Newspaper Goes After JCDecaux Again For Its Manchester Sidewalk DOOH Network
January 12, 2022 by Dave Haynes
Whoever runs operations for the digital OOH media interests of JCDecaux in Manchester, England is perhaps thinking regularly that she or he needs a drink, possibly by 10 AM, given the adverse attention its new sidewalk digital ad totems have been getting from the city’s famed newspaper.
The Guardian wrote last fall about the grey metal boxes that were used as temporary hoardings, as the new “street furniture” totems were being schemed in as replacements to existing static backlit posters. The hoardings were butt-ugly, but detractors also suggested the boxes created tripping hazards and cluttered sidewalks meant for pedestrians, not ads.
Now the newspaper has another story up, suggesting the now operating totems each consume the same amount of electricity as three local households, in a city whose local council has declared a climate emergency. The media company has or will have 81 digital totems operating in Manchester under this ad concession, which kicks a revenue share back to the city from ad sales.
From the Guardian:
According to analysis of data revealed by a freedom of information request, each of the 86 digital advertising boards in Manchester city centre uses 11,501kWh of electricity every year.
Manchester city council, which declared a climate emergency in 2019, says the screens are powered by renewable energy, but they are connected to the mains supply, rather than powered, for example, by a solar panel.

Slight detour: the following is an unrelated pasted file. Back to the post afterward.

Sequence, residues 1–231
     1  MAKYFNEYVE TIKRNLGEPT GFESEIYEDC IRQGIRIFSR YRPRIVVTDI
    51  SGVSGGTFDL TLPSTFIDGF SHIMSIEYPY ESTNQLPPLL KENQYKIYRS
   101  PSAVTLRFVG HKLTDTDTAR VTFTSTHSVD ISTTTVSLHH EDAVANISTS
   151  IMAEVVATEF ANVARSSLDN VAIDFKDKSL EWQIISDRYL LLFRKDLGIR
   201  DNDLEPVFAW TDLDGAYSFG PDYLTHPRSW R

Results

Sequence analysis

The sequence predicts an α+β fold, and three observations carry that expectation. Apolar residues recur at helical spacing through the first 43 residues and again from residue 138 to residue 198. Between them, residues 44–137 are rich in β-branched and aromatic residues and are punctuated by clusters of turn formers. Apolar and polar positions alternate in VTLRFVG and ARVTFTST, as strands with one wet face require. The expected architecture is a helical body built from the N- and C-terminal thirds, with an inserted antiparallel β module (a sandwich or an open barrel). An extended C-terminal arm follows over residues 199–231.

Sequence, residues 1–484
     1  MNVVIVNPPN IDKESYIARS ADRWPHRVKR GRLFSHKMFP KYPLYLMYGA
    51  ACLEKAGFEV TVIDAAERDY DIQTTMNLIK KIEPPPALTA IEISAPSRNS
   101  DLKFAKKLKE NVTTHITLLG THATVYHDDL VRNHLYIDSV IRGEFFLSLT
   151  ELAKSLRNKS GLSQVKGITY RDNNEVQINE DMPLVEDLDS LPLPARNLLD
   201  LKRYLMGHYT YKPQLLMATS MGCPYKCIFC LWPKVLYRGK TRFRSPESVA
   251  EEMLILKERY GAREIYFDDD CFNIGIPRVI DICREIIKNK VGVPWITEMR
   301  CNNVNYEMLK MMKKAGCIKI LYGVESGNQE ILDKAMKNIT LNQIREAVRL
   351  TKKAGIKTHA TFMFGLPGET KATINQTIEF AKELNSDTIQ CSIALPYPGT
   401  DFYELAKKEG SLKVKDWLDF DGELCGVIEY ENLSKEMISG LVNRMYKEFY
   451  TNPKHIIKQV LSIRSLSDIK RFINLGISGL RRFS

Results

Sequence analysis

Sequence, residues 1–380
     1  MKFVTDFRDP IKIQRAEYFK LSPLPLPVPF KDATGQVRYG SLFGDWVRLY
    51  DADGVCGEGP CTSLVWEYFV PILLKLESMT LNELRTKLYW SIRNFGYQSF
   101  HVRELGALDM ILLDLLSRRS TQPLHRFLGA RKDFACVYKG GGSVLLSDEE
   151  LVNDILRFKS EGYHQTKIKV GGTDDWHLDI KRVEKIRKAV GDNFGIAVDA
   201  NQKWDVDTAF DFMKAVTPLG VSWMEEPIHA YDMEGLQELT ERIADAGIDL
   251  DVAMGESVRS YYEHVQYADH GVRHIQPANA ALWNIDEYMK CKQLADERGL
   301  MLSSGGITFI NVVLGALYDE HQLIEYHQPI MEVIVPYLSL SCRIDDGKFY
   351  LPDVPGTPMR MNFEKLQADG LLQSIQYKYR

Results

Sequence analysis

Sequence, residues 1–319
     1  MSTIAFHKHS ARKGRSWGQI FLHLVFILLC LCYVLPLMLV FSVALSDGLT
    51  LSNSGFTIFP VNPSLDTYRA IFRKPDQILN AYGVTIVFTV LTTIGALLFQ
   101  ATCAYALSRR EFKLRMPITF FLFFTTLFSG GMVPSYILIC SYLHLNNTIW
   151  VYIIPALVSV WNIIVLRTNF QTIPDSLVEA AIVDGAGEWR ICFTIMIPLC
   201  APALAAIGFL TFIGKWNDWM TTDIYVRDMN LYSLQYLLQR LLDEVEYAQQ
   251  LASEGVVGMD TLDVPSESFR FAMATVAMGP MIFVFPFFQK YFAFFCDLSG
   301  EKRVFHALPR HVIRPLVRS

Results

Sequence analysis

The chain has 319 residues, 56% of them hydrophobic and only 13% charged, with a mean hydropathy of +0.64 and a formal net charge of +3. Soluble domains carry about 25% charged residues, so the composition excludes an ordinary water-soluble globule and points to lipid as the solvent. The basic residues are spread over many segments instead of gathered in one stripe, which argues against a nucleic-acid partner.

“JCDecaux’s electricity supplier has supply agreements with independent UK wind generators and purchases renewable electricity certificates and renewable energy guarantees of origin (or Regos),” a council spokesperson said.
“The council’s aim of becoming zero-carbon by the year 2038 isn’t about not using electricity at all. This would be an absurd assumption. What it does mean is about a cultural change locally, which the council is trying to effect, to use electricity which is renewably sourced and does not involve the burning of fossil fuels to generate.”
There’s nothing new or unique about local media outlets relaying the unhappiness of local citizens about public advertising. If you don’t work in OOH media or supply into it, there’s a decent chance you’re not all that wild about billboards and digital street furniture dotting the landscape.
JCDecaux would seem to have handled this as best it can by doing things like buying renewable energy, even if that’s indirectly supplied through certificate schemes. I am sure they would LOVE to just use solar arrays atop the totems, as is suggested here, but those arrays would likely need to be bigger than the totems, and NW England is not exactly famed for its endlessly sunny days.
Here’s what the hoardings looked like (definitely butt-ugly, but they were temporary) …